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The boom in batched cocktails has had a side benefit for the home bartender: Leading mixologists and distillers have begun bottling their customised drinks, taking advantage of professional techniques such as barrel aging or slowly infusing spirits with fruit, spice, or even candle wax. These bottled cocktails have nothing in common with those artificial-tasting drinks sold on supermarket shelves; they are made with premium spirits and natural ingredients with the care one would expect from those whose reputations are on the line. When served at the right temperature in a properly chilled glass, it is hard to believe they were poured directly from a bottle.
1. Courage and Stone
Drink: Black Manhattan and Whiskey Old-Fashioned
Aisha Tyler, actress and co-host of The Talk television show, has collaborated with New York Distilling Co., maker of Dorothy Parker American gin, on a line of bottled drinks debuting this fall. Tyler has long batched cocktails at home and prefers drinks that are “familiar and classic, with a small special touch.” The first two releases are just that: The Black Manhattan combines rye, bitters, and a well-placed accent of morello cherry, while the old-fashioned tastes as if a twist of orange has just been snapped over the glass.
Drink: Pineapple Stiggins’ Fancy Rum
This infused dark rum – named best new product at this year’s Tales of the Cocktail and made in collaboration with the cocktail historian David Wondrich – is modelled on a 19th-century “sipping rum” and makes a fine drink served neat or on the rocks. Its syrupy, citrusy aroma gives way to juicy pineapple flavours mingled with rich, 80-proof Trinidadian rum. It avoids cloying sweetness with a hint of the fruit’s natural acidity and greenness – the result of infusing the pineapple rinds separately from the fruit.
3. Bully Boy
Boston’s first craft distillery released its version of an old-fashioned last year. Made with Bully Boy’s American Straight Whiskey, sugar, and a hefty dose of bitters, the 71-proof drink is a festive version of the cocktail, with a pinkish tint and notes of peppermint and gingerbread.
4. Hochstadter Slow & Low
Drink: Limited Release Rock & Rye
A recent release from Cooper Spirits Co. – which put the liqueurs St-Germain and Crème Yvette on mixology’s top shelf – is a revival of the Rock and Rye. This 100-proof bottling blends 8-year-old rye whiskey, air-dried navel oranges, raw honey, Angostura bitters, and rock candy. At that proof, it begs to be poured over ice for a little dilution.
Drink: Organic Mixology
These 30-proof liqueurs, made in Michigan with a base of sugarcane vodka, can be sipped straight over ice or mixed with other spirits to make a stronger cocktail. The flavours, created by mixologist Natalie Bovis, seem inspired by the era of the Cosmopolitan and Chocolate Martini, and include cranberry and blood orange, Meyer lemon and ginger, and dark chocolate and sea salt.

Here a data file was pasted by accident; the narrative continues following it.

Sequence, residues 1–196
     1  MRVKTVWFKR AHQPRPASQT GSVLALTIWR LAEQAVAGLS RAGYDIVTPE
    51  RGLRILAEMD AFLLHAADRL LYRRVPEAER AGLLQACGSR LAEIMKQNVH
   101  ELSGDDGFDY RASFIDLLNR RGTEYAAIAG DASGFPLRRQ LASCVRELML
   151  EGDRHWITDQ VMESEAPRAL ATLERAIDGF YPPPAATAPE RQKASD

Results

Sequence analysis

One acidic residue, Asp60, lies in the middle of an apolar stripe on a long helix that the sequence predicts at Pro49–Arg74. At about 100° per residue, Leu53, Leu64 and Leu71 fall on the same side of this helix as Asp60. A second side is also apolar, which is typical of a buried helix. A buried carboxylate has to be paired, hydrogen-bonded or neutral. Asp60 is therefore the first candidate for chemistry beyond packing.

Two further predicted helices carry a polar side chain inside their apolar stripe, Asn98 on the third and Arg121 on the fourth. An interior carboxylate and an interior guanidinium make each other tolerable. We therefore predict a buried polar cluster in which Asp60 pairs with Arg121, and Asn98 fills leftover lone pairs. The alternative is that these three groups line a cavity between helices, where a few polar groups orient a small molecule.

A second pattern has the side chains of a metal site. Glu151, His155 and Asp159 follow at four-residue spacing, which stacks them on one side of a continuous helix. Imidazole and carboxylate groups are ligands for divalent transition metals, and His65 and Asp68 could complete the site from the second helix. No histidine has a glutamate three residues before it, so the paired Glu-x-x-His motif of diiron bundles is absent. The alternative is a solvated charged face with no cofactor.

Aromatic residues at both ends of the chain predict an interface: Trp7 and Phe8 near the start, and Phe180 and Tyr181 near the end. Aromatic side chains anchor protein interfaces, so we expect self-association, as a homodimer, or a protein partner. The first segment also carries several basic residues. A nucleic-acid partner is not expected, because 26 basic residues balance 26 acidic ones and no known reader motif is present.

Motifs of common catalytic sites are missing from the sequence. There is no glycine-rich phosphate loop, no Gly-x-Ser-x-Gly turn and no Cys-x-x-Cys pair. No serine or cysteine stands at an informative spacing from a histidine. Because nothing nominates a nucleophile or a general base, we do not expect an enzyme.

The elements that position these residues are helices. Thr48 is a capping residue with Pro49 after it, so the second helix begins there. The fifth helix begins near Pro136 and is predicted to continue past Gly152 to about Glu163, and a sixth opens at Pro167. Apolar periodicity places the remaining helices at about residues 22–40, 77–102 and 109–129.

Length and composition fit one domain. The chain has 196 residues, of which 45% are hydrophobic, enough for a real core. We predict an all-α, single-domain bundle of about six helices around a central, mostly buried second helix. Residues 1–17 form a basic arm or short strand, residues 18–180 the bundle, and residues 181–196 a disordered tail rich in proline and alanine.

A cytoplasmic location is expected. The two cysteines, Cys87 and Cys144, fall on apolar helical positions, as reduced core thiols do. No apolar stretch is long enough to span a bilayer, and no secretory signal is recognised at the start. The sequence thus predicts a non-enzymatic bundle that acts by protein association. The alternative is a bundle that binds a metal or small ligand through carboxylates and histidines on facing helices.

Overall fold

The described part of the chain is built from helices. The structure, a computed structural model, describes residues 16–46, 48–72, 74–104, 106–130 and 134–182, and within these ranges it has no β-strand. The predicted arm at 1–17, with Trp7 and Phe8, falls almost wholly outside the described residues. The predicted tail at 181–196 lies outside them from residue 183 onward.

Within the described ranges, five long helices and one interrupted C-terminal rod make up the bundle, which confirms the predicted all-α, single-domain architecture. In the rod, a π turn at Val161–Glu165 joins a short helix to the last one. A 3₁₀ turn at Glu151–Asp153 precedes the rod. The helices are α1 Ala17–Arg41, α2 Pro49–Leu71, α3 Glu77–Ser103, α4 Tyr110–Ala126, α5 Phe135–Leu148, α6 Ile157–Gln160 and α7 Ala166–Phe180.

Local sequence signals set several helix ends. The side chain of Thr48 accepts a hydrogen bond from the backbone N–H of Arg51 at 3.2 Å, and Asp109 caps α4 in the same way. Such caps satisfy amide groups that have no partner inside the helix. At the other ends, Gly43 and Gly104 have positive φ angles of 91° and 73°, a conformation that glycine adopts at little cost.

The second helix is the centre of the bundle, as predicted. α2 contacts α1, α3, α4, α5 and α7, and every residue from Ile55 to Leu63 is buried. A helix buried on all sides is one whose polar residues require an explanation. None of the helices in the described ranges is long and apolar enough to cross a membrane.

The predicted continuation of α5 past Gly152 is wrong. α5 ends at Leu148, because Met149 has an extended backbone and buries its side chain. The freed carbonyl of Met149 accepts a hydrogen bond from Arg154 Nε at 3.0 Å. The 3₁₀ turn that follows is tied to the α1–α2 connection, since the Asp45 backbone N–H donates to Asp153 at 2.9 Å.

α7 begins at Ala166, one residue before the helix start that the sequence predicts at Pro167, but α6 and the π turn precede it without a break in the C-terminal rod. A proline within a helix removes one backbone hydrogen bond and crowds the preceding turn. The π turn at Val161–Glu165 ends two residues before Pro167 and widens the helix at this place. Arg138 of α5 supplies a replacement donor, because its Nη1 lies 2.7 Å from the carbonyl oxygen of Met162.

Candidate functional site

This Ohio microdistiller makes a savoury, 70-proof cocktail with its small-batch bourbon, raw sugar, cherry juice, and bitters. The drink spotlights the high quality of the spirit and has a spicy, woodsy character, rather than the fruity sweetness we expected from a bourbon drink enhanced with cherry.
Drink: Cocktails Paloma
In 2013, the James Beard Award–winning mixologist Charles Joly became one of the first to get into the premium bottled-cocktail business, with the Crafthouse line of premixed drinks. The sparkling, 25-proof Paloma is the standout: a bracing blend of dusky blanco tequila, house-made grapefruit soda, and lime. Joly suggests pouring it over a tumbler of ice, garnished with a salted rim and a grapefruit slice or lime wedge.
8. High West
Drink: Barreled Boulevardier & the 36th Vote Barreled Manhattan
The distinct flavours of bourbon and rye shine through in these barrel-aged drinks from the Utah distiller High West. The 72-proof Boulevardier (bourbon, Vya sweet vermouth, and Gran Classico amaro) mellows for 120 days in oak, while the 36th Vote, a classic 74-proof Manhattan whose name commemorates Utah’s deciding vote to end Prohibition, languishes for 90 days. Both make a strong case for the benefits of the barrel.
9. Fluid Dynamics
Drink: Dry Martini
Craft Distillers in California, best known for its Germain-Robin brandies, makes this line of aged cocktails based on its fine spirits. The 80-proof Dry Martini – a perfect balance of Russell Henry London dry gin and Vya extra-dry vermouth, aged in stainless steel for six weeks – is crisp and redolent of juniper and pine, with an earthy brine on the palate. The barrel-aged cocktails, from about 65 to 78 proof, include the festive St. Nick, a ruby blend of Germain-Robin brandy and Clear Creek cranberry liqueur; the 1850 Cocktail, a Sazerac variation made with Germain-Robin brandy, Low Gap whiskey, and Germain-Robin absinthe; and a Rye Manhattan with Low Gap rye. In each case, the quality of the spirit is enhanced by careful cocktail making.
10. Mr Lyan
Drink: Spotless Martini, Candlelit Manhattan and Rainy Day Spritz
Ryan Chetiyawardana, owner of the innovative London bars White Lyan and Dandelyan, continues to push the envelope with his bottled drinks. The 61-proof Spotless Martini is like sipping a garden of citrus, flowers, and juniper berries and is made with his London dry gin, vermouth, and essences of olives and lemons – no need to garnish, no chance of altering his perfectly calculated ratios. The 55-proof Manhattan, a blend of his bourbon, vermouth, and bitters, gets an alluring softness from wax – the bottle is lined with it. And his Spritz, a 33-proof mix of raspberry eau-de-vie, vermouth, and bitter rhubarb liqueur, is a light libation poured over ice, or the basis for a spritz with a splash of Prosecco or white wine.